Catch ’em Alive Jack
In 1987 my mother was asked to be Grand Marshall at the Frederick Statehood Day Parade. Since she didn’t like airplanes I agreed to drive her from Santa Monica, California to Frederick, Oklahoma. It was a great trip back as she regaled me with stories about her childhood. The big stories were about my grandfather, “Catch ’em Alive, Jack” and of her two brothers, Temple and Louie Abernathy.
Jack Abernathy was appointed as the first U.S. Marshall of Oklahoma by President Teddy Roosevelt. They had become friends when Jack took President Roosevelt “wolf coursing.” Jack had learned as a teenager to catch wolves with his bare hands. The story goes that one day while he was out riding his horse fell throwing him to the ground. A wolf lurking nearby charged him with an open mouth lunge. Jack threw his hand to the back of the wolf’s mouth, behind his canine teeth, and held on to his lower jaw. The wolf was defenseless as he tied him up and removed his hand. He became famous throughout the area and made a living in those early years catching wolves for zoos all across America.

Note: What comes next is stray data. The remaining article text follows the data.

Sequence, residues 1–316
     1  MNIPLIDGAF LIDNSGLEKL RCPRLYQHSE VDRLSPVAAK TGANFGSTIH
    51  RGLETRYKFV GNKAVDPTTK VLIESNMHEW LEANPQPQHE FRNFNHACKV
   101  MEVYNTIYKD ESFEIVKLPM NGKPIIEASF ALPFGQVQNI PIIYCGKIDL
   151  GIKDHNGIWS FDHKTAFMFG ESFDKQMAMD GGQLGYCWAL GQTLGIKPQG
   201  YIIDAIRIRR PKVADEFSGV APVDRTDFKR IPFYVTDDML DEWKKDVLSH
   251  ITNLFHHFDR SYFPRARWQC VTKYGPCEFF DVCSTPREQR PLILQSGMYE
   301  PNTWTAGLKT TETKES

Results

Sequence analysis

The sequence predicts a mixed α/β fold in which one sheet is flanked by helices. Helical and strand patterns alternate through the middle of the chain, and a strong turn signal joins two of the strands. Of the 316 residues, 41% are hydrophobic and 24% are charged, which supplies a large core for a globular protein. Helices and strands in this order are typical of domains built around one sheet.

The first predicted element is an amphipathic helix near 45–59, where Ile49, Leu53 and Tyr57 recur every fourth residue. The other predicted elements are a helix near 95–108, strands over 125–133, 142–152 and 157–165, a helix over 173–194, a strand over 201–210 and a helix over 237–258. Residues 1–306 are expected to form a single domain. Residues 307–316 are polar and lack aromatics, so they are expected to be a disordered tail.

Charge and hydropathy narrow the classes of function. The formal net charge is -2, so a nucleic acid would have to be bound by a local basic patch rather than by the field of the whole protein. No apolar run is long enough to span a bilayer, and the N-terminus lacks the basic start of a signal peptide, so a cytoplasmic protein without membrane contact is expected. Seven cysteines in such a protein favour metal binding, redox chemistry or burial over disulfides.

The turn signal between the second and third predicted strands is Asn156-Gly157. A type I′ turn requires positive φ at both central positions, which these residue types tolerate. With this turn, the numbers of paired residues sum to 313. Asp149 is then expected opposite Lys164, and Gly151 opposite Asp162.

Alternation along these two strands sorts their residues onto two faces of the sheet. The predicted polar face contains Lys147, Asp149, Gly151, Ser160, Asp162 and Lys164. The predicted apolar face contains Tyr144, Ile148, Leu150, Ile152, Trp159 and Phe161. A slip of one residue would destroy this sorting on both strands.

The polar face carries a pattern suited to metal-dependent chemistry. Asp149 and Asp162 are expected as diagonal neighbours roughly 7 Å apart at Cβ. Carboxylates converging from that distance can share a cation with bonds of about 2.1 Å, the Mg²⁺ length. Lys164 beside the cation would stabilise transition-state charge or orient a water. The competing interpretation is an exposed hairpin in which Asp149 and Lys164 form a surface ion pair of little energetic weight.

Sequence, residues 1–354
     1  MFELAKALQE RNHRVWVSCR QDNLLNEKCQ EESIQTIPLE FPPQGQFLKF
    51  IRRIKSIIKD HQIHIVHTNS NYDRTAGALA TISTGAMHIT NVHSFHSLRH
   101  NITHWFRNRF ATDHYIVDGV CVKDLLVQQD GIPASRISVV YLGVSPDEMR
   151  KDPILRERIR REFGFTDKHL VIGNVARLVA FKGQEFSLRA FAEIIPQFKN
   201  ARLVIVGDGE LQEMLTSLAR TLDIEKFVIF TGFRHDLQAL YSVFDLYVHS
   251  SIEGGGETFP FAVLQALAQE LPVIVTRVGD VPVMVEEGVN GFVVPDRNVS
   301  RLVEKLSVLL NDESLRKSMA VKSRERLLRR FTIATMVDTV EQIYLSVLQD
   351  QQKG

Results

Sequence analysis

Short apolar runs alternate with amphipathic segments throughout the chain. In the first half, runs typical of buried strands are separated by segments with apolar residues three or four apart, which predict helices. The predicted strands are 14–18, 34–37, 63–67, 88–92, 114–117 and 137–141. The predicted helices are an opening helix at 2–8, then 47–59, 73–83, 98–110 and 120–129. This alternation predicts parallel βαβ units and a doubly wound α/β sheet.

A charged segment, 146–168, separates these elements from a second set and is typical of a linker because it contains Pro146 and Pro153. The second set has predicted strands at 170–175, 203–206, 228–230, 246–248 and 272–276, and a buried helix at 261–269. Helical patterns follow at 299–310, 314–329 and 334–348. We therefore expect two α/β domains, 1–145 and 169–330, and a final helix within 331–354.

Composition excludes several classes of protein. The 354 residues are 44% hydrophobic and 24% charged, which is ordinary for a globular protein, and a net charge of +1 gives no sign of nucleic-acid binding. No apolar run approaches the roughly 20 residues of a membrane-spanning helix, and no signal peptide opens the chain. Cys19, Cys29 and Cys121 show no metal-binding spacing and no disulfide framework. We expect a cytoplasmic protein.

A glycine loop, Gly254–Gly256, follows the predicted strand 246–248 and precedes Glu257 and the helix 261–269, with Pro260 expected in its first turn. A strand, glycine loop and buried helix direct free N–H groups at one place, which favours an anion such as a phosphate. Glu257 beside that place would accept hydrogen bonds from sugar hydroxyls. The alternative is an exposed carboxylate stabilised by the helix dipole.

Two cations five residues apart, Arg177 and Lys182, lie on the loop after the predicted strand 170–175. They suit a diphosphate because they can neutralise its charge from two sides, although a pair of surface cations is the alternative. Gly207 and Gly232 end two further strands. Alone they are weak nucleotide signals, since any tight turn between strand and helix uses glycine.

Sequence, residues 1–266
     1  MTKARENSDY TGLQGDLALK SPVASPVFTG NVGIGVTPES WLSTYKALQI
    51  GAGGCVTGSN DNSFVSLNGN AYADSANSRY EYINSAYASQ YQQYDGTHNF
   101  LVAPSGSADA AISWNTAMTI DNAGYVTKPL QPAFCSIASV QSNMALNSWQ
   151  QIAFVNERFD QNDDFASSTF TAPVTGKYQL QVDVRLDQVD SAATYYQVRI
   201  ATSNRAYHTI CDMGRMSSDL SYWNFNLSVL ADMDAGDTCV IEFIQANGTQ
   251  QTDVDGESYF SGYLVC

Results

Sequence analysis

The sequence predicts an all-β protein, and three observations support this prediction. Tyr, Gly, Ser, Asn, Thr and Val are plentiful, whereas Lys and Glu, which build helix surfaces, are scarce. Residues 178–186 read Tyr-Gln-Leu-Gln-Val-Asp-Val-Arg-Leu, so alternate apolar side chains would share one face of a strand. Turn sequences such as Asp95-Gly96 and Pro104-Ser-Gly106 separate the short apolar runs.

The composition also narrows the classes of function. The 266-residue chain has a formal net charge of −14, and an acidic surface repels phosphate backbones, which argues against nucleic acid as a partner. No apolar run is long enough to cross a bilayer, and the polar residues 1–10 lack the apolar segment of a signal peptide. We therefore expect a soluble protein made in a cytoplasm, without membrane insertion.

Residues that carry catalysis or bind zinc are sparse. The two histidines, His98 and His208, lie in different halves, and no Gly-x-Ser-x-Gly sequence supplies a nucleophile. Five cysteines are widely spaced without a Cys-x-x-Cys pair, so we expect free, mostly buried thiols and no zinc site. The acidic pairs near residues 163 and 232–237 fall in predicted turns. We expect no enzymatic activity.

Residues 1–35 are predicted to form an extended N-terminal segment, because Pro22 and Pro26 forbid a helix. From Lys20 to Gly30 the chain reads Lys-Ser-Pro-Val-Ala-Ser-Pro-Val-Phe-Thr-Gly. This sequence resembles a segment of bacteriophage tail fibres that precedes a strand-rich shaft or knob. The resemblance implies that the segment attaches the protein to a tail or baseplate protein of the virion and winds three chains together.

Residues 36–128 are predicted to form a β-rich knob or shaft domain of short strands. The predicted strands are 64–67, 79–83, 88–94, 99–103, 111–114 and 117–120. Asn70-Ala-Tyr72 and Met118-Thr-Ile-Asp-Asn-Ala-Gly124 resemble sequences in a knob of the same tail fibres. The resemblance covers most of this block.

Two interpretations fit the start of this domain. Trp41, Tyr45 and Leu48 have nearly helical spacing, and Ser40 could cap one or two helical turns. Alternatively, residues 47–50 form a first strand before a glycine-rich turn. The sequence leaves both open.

The parade and festivities recognizing the 80th anniversary of statehood and the part Jack’s friendship with Teddy might have played in influencing that culminated with a closing ceremony at a local hall. Since I was a singer, songwriter, entertainer and grandson of Jack Abernathy, they asked me if I might sing at that closing celebration. I said yes and as an homage to my grandfather I decided to write a song. The gathered people that night seemed to like it and I have just recorded it to help further the legend of “Catch ’em Alive.”, Jack
Catch Em Alive